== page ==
The SkyTeam Alliance is the latest winner in the resurgent networks of global airline partnerships. Virgin Atlantic Airways, a long-time partner of several SkyTeam members, will join the alliance next year.
The addition of Virgin Atlantic brings the airline’s key London Heathrow hub and numerous transatlantic routes into the SkyTeam network. That will make the alliance a stronger competitor to the likes of Oneworld, which counts Heathrow-based British Airways among its founding members, and even Star Alliance that’s members offer a robust amount of service to the London airport.
“Our membership will allow us to enhance established relationships with our valued partners at Delta and Air France-KLM, as well as opening up opportunities to collaborate with new airlines,” Virgin Atlantic CEO Shai Weiss said. “It will enable a seamless customer experience, with an expanded network and maximized loyalty benefits.”
Beyond the extension of loyalty benefits, however, a greater presence at Heathrow is really the only big get for SkyTeam. Now, Heathrow access is not to be undervalued; slots at the airport are among the most sought after in the airline industry. But Virgin Atlantic’s all long-haul network gives the alliance little in added connectivity from the addition.
In fact, only one of Virgin Atlantic’s 25 destinations in September is not served by another member carrier: Barbados, according to Diio by Cirium schedules. Every other city is served by one, if not more, SkyTeam airlines.
Virgin Atlantic will increase SkyTeam’s share of seats at Heathrow by 6 points to nearly 12 percent in September, Diio schedules show. Star has a 19 percent share, and Oneworld 57 percent. And across the North Atlantic between Europe and North America, SkyTeam gains 5 points of share for 29 percent of industry capacity compared to Oneworld’s 24 percent and Star 37 percent.
Virgin Atlantic’s transatlantic routes already operate under an immunized joint venture with SkyTeam members Air France, Delta Air Lines, and KLM. That means its schedules, fares, and other commercial matters between the UK and U.S. — where it provides the most lift to the alliance — are already coordinated with SkyTeam members. Delta also owns 49 percent of Virgin Atlantic.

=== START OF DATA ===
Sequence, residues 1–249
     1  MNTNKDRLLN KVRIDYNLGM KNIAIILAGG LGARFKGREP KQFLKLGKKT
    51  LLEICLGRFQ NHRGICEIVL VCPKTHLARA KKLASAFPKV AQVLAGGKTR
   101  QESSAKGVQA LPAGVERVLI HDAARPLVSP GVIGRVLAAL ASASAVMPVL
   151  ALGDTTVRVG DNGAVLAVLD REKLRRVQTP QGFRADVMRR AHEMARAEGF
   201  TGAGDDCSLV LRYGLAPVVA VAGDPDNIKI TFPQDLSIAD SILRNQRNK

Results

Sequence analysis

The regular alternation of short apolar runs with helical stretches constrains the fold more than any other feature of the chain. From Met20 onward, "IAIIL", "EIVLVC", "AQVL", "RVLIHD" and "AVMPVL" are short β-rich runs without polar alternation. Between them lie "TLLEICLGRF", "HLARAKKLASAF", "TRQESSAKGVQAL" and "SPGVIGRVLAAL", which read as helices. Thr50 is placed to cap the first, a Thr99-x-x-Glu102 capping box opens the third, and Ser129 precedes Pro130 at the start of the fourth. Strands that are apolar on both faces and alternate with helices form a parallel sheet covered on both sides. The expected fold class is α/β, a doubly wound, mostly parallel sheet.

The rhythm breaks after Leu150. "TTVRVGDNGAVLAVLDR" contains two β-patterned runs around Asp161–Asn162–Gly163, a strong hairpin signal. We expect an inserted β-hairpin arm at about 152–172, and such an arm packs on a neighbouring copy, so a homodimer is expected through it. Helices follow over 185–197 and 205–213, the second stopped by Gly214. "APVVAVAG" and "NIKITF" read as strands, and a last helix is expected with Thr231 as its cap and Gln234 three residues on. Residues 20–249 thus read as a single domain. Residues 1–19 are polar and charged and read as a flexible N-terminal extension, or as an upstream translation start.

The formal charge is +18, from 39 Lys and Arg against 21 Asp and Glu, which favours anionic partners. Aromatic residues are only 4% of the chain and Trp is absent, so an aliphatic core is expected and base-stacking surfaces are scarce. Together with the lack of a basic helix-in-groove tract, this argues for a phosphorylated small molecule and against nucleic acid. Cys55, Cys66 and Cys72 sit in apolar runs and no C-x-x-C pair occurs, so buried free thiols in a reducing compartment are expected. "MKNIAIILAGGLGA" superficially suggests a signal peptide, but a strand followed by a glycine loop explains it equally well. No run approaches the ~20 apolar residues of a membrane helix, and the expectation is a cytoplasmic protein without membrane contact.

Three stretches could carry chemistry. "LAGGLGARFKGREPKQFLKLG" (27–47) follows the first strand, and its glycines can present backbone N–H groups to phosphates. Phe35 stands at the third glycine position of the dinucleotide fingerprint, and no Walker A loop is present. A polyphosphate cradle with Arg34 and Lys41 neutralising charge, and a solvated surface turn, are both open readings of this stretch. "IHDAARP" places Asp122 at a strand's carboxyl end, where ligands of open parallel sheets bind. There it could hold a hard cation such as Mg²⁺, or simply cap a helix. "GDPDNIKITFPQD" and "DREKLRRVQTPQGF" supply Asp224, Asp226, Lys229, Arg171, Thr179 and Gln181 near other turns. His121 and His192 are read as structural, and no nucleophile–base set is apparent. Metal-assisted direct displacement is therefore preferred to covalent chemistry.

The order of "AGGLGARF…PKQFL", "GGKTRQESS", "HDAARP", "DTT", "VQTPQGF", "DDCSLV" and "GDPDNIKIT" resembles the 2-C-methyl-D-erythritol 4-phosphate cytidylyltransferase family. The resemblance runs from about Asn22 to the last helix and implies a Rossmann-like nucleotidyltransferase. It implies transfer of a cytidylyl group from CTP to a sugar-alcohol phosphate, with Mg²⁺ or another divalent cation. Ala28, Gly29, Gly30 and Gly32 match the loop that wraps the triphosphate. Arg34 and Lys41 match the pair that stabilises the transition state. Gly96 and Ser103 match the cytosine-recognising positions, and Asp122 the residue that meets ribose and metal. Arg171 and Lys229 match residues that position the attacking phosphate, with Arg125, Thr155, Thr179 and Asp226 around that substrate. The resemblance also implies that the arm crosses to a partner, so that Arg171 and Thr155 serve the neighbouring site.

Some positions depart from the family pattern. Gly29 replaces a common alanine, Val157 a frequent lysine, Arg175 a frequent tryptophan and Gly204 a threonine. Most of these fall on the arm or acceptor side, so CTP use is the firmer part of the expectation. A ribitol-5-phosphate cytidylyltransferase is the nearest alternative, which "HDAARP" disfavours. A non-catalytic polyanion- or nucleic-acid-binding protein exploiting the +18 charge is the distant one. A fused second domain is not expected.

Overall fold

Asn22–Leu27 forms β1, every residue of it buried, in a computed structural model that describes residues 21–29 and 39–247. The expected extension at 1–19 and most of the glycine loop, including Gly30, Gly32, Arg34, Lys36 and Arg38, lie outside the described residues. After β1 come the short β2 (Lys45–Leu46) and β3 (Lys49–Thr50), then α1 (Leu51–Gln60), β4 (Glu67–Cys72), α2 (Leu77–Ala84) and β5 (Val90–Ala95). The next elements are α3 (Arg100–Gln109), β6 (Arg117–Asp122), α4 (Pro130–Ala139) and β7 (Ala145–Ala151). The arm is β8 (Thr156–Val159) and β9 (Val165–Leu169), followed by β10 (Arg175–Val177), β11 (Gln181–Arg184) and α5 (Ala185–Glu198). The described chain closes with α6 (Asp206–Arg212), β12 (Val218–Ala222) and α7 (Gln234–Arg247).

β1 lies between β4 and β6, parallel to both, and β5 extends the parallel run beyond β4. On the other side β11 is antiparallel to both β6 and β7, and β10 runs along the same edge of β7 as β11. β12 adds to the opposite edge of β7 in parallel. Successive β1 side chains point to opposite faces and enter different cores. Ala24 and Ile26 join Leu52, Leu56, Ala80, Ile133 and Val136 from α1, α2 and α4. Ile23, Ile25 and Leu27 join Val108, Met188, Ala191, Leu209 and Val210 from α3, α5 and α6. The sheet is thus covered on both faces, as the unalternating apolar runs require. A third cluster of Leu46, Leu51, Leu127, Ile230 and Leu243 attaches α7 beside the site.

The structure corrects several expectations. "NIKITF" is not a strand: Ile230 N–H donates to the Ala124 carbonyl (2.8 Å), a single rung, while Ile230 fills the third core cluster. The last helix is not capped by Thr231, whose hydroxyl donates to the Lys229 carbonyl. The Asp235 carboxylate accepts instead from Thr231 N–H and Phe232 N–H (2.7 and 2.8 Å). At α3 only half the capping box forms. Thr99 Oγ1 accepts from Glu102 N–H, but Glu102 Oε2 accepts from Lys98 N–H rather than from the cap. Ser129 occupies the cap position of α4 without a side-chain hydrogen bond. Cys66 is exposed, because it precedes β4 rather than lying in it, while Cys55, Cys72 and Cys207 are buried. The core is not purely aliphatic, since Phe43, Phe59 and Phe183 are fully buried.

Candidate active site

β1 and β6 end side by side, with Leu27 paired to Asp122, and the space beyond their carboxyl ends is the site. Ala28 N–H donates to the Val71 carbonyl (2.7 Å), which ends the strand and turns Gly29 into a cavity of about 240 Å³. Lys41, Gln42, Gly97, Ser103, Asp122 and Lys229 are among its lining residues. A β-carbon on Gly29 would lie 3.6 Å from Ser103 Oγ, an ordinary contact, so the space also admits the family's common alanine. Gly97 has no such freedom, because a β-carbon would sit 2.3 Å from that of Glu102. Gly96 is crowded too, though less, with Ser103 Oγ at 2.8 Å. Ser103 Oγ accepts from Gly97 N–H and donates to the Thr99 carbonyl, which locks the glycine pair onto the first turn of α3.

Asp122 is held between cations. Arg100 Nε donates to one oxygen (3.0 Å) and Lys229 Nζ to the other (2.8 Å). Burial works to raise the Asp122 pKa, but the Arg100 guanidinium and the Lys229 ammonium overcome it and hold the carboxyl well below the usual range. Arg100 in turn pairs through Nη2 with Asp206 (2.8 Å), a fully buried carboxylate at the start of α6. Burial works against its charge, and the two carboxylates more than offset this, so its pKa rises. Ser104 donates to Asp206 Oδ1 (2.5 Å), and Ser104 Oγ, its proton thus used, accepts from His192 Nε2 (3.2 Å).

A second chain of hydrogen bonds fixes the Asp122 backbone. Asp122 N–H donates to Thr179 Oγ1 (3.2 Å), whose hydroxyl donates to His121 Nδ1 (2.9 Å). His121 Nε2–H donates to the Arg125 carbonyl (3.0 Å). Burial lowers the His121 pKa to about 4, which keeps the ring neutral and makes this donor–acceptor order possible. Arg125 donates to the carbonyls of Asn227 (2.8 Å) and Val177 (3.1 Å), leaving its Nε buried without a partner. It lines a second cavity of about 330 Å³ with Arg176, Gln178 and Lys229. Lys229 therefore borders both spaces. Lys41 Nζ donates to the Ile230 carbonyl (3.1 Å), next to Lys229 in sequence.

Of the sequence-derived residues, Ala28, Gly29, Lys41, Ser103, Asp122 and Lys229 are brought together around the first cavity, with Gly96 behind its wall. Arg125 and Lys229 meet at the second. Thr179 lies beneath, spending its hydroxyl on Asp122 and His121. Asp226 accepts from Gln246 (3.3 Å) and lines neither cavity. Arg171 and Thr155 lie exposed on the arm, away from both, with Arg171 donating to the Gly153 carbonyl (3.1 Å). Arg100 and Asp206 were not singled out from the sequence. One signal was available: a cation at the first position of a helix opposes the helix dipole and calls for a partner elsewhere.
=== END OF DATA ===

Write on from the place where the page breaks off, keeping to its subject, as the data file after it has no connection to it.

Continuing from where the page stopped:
The partnership is also the latest affirmation of the global alliance model. Prior to the pandemic, many had begun writing off the multilateral networks of airline partnerships in favor of closer, bilateral ties directly between airlines. For example, when Latam Airlines Group announced in September 2019 that it would leave Oneworld and form a joint venture with Delta, it opted not to join SkyTeam. That prompted much speculation that alliances were a dying breed. But the pandemic changed that paradigm as airlines again leaned heavily on their partners amid deep schedule cuts and fleet reductions.
“What we’ve been saying to our stakeholders in Oneworld is that ‘it’s not that you’re wrong, alliances provide this ecosystem that all these bilateral and trilateral partnerships can exist,’” Oneworld CEO Rob Gurney told Airline Weekly last year when asked of the criticisms of alliances.
Oneworld, despite losing Latam, has made the most gains in recent years. It added Alaska Airlines, and the carrier’s deep network along the U.S. West Coast, to its roster last year, and its first African member, Royal Air Maroc, in 2020. And recent reports indicate that African airline RwandAir is considering Oneworld membership. RwandAir is also partially owned by Oneworld member Qatar Airways.
Virgin Atlantic’s membership in SkyTeam will also give travelers better connectivity across alliance members. Aside from its three joint venture partners, the airline only has codeshares in place with two other alliance members: Aeromexico and Middle East Airlines. Virgin Atlantic has interline agreements with the remaining 13 members, and has the “options,” as it put it, to expand these to closer codeshare agreements, for example with ITA Airways or Korean Air.
IATA Urges Climate Commitments